The name: ADONAI - meaning Lord differs from that represented in text containing the prayers/invocations of HaShem(Heh, Shin-Mem sofit). So this is very confusing as labled in the main article, as Adonai is (Alev, Dalet, Nun, Yod), each of those containing their own Nikkud, and as such the name "Aleph,Dalet,Nun,Yod" bears little resemblence to the actual name of God, other than being attributed by definition "Lord".

When the Adonai referred to that is HaShem (again two words, as stated above, and should be represented to accord as such in English Transliteration for clarities sake as Two seperate words, if not divided by more than a capital letter.) HaShem appropriate when referred to as Adonai, again is represented in Hebrew by the Yiddish Double Yod, with appropriate nikkud for the two vowels (after Yod, and after Waw/Vav - the Heh/Ha in itself is fairly well self evident in prononciation.

This should be clarified by a more one with greater patience and understanding than I. [Special:Contributions/65.102.21.197|65.102.21.197]] (talk) 11:28, 9 December 2010 (UTC)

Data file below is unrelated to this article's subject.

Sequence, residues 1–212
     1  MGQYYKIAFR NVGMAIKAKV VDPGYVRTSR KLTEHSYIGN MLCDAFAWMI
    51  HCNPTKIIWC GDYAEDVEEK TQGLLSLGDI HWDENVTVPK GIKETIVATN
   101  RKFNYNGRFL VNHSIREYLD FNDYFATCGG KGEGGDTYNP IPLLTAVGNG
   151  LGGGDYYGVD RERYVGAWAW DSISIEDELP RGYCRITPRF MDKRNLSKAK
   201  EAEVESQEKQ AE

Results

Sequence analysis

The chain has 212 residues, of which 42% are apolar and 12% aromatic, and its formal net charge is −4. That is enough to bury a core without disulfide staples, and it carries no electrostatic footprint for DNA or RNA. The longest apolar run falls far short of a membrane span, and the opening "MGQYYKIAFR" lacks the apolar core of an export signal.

Source comparison: prayers used in service, in addition to the Torah, Kethuvim, crossreferenced the spoken/verbally invoked - and that which is read from. In otherwords the information in the main article is definately misleading, unless one is unawares of context/syntax, In addition the actually Spelling of that which is Spoken. Peruse carefully writing composition is not my strong suite. 65.102.21.197 (talk) 11:28, 9 December 2010 (UTC)

Post Script/Afterthough/Clarity.

The name mentioned from Kings contains the root "Adonai" (Adoniyah in Kings is not a representation of the name respresented by the (Heh-Shin-Mem Sofit (HaShem), but is a name of the person who is obviously tied to the Ruler/King/Lord (connected with David as well as HaShem, (Aleph-Dalet-Nun-Yod & Hah-Waw (a name of God)) 65.102.21.197 (talk) 13:39, 9 December 2010 (UTC)